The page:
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Electoral College: a living monument to slavery's folly

On Life

Ruminations and provocations.

Electoral College: a living monument to slavery's folly

Stephen H. Provost

I told myself I wasn’t going to blog about politics again for a while, but since I didn’t tell anyone else (until now), I’m safe, right?

Even if I’m not, I don’t care, because this Electoral College thing is really sticking in my craw – and not because of how it affected the current election. That’s over and done with, but the E.C. is still with us, enshrined in the very Constitution it contradicts (more on that later) and giving rural voters a built-in advantage over those of us in big states and big cities.

I live in one of those big states: California. And the most common argument I hear in favor of the E.C. runs something like this: “We wouldn’t want those people in California deciding the next president, would we?”

Being one of “those people,” I take offense.

Oh, sure, it’s fine the give tiny Vermont and Iowa an outsized say in who gets nominated. Aren’t they cute little states? Don’t they just make you feel all warm and fuzzy inside? But if, as a Californian, I object that my general election ballot is worth less than half a Wyoming voter’s vote, I’m a big bad bully.

Geography vs. democracy

For comparison’s sake, imagine that each vote cast in Alice Springs, a town of 27,000 in Australia’s central desert, was worth more than a ballot filled out in Sydney, where 21% of the country’s people. Or that a vote in northern Russia was counted more heavily than one cast in Moscow (assuming Putinland had a functioning democracy) just because Siberia covers 77 percent of that nation’s land area.

Unfair is unfair, no matter where you happen to live. And we’re talking about the United States, here, the self-described beacon of democratic freedom.

It can be argued the E.C. was never about democracy. Alexander Hamilton wrote that the Electoral College was meant to reflect “the sense of the people” while entrusting the actual selection to “men most capable of analyzing the qualities adapted to the station, and acting under circumstances of favorable deliberation.” He wanted to make sure no one would ever become president unless he was “endowed with the requisite qualifications.”

But if that’s what the founders wanted, they don’t have it now. The modern Electoral College neither reflects “the sense of the people” nor does it allow for any analysis or deliberation. Many electors are compelled by law to vote for candidates based on the popular vote, eliminating any check against an unqualified candidate winning office while, at the same time, potentially forcing them to participate in the election of someone who doesn’t reflect the overall sense of the people.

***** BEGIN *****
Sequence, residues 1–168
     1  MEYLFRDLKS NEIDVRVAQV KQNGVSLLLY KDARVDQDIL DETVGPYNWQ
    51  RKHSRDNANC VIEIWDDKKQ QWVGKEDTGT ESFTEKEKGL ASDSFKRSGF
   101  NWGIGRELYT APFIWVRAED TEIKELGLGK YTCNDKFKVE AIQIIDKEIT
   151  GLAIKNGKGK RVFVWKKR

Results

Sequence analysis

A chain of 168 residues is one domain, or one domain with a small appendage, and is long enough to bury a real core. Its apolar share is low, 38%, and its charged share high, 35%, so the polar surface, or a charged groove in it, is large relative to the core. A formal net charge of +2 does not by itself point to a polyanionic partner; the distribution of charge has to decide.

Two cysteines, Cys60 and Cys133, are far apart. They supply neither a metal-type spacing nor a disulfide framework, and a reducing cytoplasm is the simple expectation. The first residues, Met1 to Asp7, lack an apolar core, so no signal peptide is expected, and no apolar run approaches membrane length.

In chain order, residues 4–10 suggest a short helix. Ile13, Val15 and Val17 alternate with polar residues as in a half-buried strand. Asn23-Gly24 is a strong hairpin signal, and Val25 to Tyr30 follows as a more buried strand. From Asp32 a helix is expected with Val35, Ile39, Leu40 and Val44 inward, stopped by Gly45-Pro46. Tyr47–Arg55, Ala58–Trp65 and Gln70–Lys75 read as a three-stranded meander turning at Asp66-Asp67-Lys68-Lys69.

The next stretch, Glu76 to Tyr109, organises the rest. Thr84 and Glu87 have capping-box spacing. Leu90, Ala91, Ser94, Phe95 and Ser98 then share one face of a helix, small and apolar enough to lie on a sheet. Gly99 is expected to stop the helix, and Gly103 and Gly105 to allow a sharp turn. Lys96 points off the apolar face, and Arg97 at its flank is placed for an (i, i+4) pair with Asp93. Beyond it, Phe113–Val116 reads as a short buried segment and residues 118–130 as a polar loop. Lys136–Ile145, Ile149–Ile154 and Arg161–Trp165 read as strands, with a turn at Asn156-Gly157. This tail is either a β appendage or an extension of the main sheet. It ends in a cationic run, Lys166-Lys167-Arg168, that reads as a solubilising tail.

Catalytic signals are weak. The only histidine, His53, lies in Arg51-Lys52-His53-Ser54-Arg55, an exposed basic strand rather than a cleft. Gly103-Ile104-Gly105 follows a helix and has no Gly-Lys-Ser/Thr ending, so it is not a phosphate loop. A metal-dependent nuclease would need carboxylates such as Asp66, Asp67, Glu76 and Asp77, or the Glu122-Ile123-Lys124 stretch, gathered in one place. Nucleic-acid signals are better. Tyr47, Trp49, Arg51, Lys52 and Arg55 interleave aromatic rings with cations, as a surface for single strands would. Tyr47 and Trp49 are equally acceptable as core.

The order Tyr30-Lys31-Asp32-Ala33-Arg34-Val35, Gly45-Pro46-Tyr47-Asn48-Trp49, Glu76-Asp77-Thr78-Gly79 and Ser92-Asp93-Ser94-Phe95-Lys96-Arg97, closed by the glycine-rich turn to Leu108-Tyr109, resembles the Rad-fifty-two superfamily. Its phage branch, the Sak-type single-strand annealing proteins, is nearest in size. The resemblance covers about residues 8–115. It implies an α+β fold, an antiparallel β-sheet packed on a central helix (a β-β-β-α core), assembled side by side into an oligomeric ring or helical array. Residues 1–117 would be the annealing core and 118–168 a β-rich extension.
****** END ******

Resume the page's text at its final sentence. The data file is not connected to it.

So, the modern Electoral College is a failure on both counts.

What it does succeed in doing is thumbing its nose at the concept of one person, one vote: the principle of equal protection guaranteed by the Constitution’s 14th Amendment. The argument that it’s meant to reflect geographic influence only amplifies the problem. Geographic areas aren’t people, any more than corporations are, and granting them de facto voting rights makes about as much sense as scheduling a debate between Mount Lassen and Old Faithful.

A Constitution at odds with itself

Defenders of the E.C. try to explain that the Electoral College protects “rural America” from being buried under an avalanche of votes from the big cities. It preserves “geographic diversity,” they say – as though that’s the only kind of diversity that exists in this country. Never mind racial diversity, religious diversity, cultural diversity and so forth.

But wait. Say you want to try inflating the value of a person’s vote based on any of those factors. You can’t, because the 14th Amendment won’t let you. It was put in place expressly to prevent that from happening. Otherwise, there would be nothing to keep people in the majority from depriving African-Americans (or anybody else) of their right to vote, just because they happened to feel like it. The way the old South did.